Upgraded Stuffed Clams

Stuffed clams are one of those classic New England dishes that fed me throughout my childhood. You can find them in seafood restaurants, at the bar, or packaged perfectly in the freezer section of your local supermarket. With the perfect mixture of quahog clams, bread, and cheese, these were a staple dish throughout my childhood.

A pack of twelve clams perfectly placed on a Styrofoam container would yield 4-6 meals for me. When dad wasn't around, I could heat them up in the microwave in a matter of minutes. I'd always bust out the bright yellow plastic container filled with "lemon juice", and add a touch of sour to the briny clams and bready filling. 

Plump quahog clams ready for a steam!Β 

Plump quahog clams ready for a steam! 

As the years passed, I eventually outgrew my childhood stuffed clams obsession. However, even all these years later, my eyes still light up when I see stuffed clams in the seafood department of my local supermarket. A few months back, I stopped by the Unity Food Hub to pick up a produce order for work. As I waited for my order to be packed, someone asked if I wanted a stuffed clam. I gladly accepted, and once home, I steamed it up and dove in. It was amazing, and it instantly brought me right back to my youth. The only difference was this clam was made from scratch. It didn't include any of the strange ingredients that you now see in a lot of commercial recipes.   

What's up with all the Ingredients?

Traditional stuffed clams are composed of just a few ingredients: clams, onion, bread, cheese, and seasonings. Unfortunately, store bought conventional stuffed clams have turned into an industrialized food that's loaded with more fillers than real ingredients. Given the amount of shitty ingredients listed below, this dish is on the "best not eat" list for me.

Conventional Stuffed Clams

Water, Bread Crumbs (Enriched Wheat Flour (Flour, Malted Bay Flour, Reduced Iron, Niacin, Thiamine Mononitrate, Riboflavin, Folic Acid), Water, Yeast, Partially Hydrogenated Soybean Oil, Salt, Contains 2% or Less of the following: Dough Conditioners (Sodium Stearoyl Lactylate, Ammonium Sulfate, Calcium Sulfate, Potassium Bromate, L-Cysteine Hydrochloride, Enzymes, Ascorbic Acid), Corn Flour, Calcium Propionate, Sesame Seeds, Poppy Seeds, Dried Onion, Egg Solids), Textured Soy Protein (Soy Flour), Canola Oil, Clam Meat (Clams from Certified Waters),(Clams, Water, Food Starch-Modified, Sodium Tripolyphosphate, Sodium Hexametaphosphate), Salt, Garlic, Hydrolyzed Corn and Soy Protein, Spices, Onion, Natural Butter Flavor (Maltodextrin, Slat, Starter Distillate, Paprika and Tumeric), Citric Acid, Parsley and Paprika.

As with many of my childhood favorites, an ingredient and preparation upgrade is essential. Although bread is generally the main ingredient in a stuffed clam recipe acting as the filler, I decided to forgo the starch, and make this a more low carb appetizer. While I have no issues with eating high quality bread occasionally, I find that it's best to wait for when I come across a stellar sourdough. In place of the starch, I used fresh Italian sausage. This is another food I know very well. Italian sausage contains the perfect array of seasonings to match up with the clams. Lastly, I added tasty, fresh crab meat to make this dish a real winner.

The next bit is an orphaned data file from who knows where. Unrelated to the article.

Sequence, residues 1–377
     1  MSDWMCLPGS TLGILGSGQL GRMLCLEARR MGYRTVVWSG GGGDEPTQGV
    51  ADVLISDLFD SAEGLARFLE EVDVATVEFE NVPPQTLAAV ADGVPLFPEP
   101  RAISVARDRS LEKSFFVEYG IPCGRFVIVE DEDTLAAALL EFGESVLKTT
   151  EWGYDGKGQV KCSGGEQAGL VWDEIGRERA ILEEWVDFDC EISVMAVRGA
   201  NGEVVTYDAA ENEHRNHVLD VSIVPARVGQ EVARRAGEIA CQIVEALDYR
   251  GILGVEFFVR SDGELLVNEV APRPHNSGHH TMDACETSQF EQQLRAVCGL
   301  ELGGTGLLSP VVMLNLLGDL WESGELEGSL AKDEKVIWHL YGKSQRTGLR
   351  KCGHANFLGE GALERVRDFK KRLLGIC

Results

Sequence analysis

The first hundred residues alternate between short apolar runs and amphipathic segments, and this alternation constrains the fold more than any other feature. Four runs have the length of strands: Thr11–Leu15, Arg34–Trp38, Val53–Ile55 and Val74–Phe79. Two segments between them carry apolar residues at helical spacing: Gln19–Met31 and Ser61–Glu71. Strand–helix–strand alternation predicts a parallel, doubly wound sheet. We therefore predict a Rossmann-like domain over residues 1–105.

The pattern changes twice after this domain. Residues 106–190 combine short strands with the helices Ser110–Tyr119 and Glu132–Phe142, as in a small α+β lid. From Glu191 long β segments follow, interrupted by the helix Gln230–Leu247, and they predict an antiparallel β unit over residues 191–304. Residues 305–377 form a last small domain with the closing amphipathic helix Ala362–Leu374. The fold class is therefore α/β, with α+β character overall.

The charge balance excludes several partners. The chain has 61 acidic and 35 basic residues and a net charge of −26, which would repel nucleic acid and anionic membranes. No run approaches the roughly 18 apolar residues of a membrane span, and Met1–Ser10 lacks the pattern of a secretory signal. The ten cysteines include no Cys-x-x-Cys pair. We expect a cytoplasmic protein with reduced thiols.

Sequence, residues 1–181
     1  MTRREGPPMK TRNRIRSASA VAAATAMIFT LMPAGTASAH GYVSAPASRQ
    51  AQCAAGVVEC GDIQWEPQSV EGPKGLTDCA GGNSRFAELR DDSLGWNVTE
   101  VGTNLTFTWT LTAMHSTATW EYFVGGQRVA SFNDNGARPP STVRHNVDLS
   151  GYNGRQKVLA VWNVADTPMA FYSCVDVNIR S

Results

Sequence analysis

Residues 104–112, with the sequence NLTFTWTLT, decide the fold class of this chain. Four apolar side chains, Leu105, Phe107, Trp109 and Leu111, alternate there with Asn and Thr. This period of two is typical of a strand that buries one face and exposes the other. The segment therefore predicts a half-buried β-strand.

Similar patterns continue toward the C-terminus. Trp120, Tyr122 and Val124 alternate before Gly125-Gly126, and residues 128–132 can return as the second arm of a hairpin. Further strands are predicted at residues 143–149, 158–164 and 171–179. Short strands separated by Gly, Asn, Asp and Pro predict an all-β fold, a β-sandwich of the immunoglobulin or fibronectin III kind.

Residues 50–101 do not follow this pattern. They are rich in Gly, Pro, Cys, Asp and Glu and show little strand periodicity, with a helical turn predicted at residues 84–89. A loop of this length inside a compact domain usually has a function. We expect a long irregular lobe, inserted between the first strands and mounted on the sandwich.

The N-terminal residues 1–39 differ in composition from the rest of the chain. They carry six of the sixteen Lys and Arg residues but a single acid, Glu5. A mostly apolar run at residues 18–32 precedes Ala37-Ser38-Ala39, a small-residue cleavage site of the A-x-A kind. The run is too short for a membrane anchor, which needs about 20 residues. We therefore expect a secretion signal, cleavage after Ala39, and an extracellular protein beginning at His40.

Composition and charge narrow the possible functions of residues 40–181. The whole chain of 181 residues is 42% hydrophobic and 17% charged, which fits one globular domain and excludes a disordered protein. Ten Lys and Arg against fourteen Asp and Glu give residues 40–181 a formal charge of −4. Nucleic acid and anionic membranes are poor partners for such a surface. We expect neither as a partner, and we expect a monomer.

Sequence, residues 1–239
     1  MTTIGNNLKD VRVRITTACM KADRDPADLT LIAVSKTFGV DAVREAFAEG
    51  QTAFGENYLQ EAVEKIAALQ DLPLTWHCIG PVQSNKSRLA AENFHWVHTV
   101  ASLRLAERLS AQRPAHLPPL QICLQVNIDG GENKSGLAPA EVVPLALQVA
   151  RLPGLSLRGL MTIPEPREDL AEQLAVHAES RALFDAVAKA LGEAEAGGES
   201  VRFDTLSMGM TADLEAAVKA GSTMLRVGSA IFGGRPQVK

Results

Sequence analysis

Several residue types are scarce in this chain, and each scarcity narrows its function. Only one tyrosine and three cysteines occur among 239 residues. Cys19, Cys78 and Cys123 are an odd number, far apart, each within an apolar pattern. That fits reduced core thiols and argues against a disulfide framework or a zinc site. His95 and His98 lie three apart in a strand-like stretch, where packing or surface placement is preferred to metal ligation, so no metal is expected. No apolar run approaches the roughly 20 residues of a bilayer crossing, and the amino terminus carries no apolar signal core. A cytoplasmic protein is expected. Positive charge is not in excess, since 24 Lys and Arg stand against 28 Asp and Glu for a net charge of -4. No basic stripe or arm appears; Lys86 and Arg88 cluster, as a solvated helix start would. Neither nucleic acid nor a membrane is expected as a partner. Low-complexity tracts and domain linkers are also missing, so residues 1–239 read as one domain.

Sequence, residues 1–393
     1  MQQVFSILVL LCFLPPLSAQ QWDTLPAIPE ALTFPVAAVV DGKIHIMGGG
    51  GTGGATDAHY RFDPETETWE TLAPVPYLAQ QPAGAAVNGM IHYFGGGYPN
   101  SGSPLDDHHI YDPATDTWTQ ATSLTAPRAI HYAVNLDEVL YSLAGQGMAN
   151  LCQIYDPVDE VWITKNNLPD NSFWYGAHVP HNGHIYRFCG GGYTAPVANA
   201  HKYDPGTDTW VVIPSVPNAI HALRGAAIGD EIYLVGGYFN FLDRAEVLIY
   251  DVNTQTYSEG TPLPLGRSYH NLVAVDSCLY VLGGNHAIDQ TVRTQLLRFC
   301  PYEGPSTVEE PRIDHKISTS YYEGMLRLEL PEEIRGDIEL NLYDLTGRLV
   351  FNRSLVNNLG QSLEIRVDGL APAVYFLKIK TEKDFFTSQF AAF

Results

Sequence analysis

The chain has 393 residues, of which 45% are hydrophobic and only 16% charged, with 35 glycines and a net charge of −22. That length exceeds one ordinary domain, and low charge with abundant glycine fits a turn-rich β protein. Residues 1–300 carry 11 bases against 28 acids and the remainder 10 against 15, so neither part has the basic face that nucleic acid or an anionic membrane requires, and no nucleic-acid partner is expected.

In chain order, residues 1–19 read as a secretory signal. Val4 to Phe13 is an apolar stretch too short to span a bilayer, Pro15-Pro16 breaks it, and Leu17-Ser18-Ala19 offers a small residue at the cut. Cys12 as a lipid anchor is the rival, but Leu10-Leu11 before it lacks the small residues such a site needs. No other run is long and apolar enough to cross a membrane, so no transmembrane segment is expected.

How to make Upgraded Stuffed Clams

Ingredients:

  • 8 quohogs
  • 1 medium onion, diced
  • 2 garlic cloves, minced
  • 2 Italian sausages, casing remove, meat crumbled
  • 1 8-ounce tub picked crab meat
  • 1/4 cup good quality parmesan cheese
  • 1 teaspoon paprika
  • 1 cup loosely packed parsley leaves, roughly chopped

Directions: 

  1. First start by steaming open the clams. Rinse them well under cold water then place in a pan wide enough to keep them in just one layer. Add about 1/2 inch of water then cover. Cook on high heat until all the clams open. Remove the lid and allow to cool to room temperature. 
  2. Meanwhile, warm a few tablespoons of olive oil over medium-high heat. Cook stirring often until soft and translucent. Add the garlic, cook until fragrant then add the sausage. Continue to cook, using a wooden spoon to combine the veggies and meat until fully cooked. Remove from the pan and allow to cool. 
  3. Remove the meat from the clam shells, saving the liquid inside the shell. Place all the clams on a cutting board and roughly chop. I like the variance of texture here, so don't over chop. Add them to a mixing bowl along with the cooled sausage mixture. 
  4. Add the crab, cheese, and spices then gently mix, being mindful not to break up the crab meat too much. 
  5. Adjust the seasonings with sea salt, a splash or two of fresh lemon juice, and a little bit of the clam liquid. You want a bit of moisture in the filling, but you do not want it to be wet. 
  6. Twist each shell apart, then use a spoon to stuff each half with a generous portion of the filling. You should end up with about 12 stuffed clams.
  7. When ready to eat: warm for 20 minutes in a 350Β°F oven. Serve with a real lemon and hot sauce.